This is pretty fun to do, and the success of finding the answer through some clever Googling is satisfying indeed. Not only did you find the answer by yourself, but you found the clues too! You don’t need to be a master at online research, but you might just learn a thing or two about how to do it better. Some puzzles require more advanced searches for online tools and decoders, which when discovered can truly make you feel like a master detective. And if you really get stuck, you can use some of your hard-earned cash on a hint or even the solution. 

But I worry that this may be the game’s biggest weakness as well as its strength, for one big reason: search engine optimisation, or SEO. Search engines like Google can be smart enough to see through what you’re searching for – you might be searching something very specific, like latitude co-ordinates to a quote from a book, but if enough players search the same things, Google may begin showing results for walkthroughs of the game rather than the intended clue. There’s no way to know if this concern is real or not before the game is played by a larger audience, but I wouldn’t be surprised if it began ruining some of the puzzles that require incredibly specific search terms. 

Unfortunately, my enjoyment of the puzzles was marred by a handful of bugs and glitches. At first, it was simple dialogue bugs — misspellings or voice lines that did not exactly match the written dialogue. These bugs are common enough in dialogue-heavy games, so I thought nothing of them. But it soon became clear that Chinatown Detective Agency needed a serious playtest: I found unfinished sentences, rooms that didn’t load correctly, dialogue that didn’t trigger, and even one instance where I was literally given an incorrect clue. The most egregious of these bugs have thankfully now been patched out by the developers, and it’s good to see a fast response. But these bugs should have been caught before launch, and it stained what would otherwise have been tense moments of investigation.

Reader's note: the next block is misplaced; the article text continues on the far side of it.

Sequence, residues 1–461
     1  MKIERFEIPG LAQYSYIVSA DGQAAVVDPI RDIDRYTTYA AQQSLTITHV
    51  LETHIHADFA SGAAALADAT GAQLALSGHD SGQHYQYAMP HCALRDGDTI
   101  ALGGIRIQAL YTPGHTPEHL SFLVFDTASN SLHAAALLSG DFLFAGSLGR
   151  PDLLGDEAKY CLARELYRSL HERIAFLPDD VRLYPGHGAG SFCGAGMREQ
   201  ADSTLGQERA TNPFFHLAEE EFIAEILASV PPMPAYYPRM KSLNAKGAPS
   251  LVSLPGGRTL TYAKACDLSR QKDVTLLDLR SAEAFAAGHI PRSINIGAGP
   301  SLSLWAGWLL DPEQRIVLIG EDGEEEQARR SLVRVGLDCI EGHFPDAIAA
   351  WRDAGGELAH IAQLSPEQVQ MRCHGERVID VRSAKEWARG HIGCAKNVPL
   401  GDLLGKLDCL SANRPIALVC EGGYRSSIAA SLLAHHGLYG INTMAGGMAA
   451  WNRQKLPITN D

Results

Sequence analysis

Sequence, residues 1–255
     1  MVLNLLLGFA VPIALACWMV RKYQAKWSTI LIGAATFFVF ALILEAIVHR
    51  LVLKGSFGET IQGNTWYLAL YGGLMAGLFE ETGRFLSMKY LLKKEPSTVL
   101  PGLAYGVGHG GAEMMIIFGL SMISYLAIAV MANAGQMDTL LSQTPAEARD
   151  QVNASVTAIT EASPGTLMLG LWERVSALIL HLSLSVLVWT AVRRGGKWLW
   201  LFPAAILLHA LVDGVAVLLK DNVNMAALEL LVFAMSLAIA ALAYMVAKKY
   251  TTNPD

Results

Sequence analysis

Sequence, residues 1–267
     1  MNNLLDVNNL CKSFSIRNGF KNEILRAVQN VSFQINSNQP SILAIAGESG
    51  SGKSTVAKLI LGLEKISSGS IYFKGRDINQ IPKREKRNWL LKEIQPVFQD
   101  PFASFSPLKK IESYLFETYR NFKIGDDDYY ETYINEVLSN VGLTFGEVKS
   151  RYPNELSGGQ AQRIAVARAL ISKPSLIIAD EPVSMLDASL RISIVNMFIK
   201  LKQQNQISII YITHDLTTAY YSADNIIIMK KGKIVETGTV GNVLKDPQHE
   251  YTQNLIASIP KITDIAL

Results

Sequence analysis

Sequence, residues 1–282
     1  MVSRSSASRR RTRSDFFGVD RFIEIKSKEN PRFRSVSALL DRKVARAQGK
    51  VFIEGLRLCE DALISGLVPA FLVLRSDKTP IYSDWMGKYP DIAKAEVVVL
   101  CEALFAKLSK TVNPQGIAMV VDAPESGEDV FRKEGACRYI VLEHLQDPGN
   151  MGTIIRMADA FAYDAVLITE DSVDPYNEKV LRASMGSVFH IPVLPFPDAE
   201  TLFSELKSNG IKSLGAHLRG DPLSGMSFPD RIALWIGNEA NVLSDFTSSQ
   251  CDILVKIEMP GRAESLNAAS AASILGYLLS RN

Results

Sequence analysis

The game’s other major downside is its implementation of the save feature; or more accurately, the lack of one. The game will only allow you to save in between missions, which is presumably designed to make sure that you can’t simply turn back time if you fly to the wrong city or waste too much time. But missions can run quite a long time, so it’s a major inconvenience. Something like a suspend save, that would save your game temporarily until you resumed play next time, would have been a good compromise, but there’s nothing like that here. This was especially infuriating when encountering glitches that prevented progress, which meant a lot of time lost when the only option was to reload the mission.




  • Real-world investigation is a fantastic idea and is satisfying when you get the answer
  • Fantastic character art and pixel work
  • Cases are mostly engaging


  • Watch out for various bugs and glitches!
  • Can't save mid-mission
  • It could have used more clients to choose between

Chinatown Detective Agency’s main draw, the real-world investigation, is a great idea that worked very well for the most part. It will be interesting to see if it can survive the internet’s aggressive SEO algorithm, but I still think it’ll be a fun time for any mystery game fan. Unfortunately, multiple bugs and glitches that should have been caught before launch ruined a lot of my experience, along with a truly annoying inability to save mid-mission. The good news is, the developers have already been very active in fixing many issues with the game, so the grievances I have with the game may very well be temporary.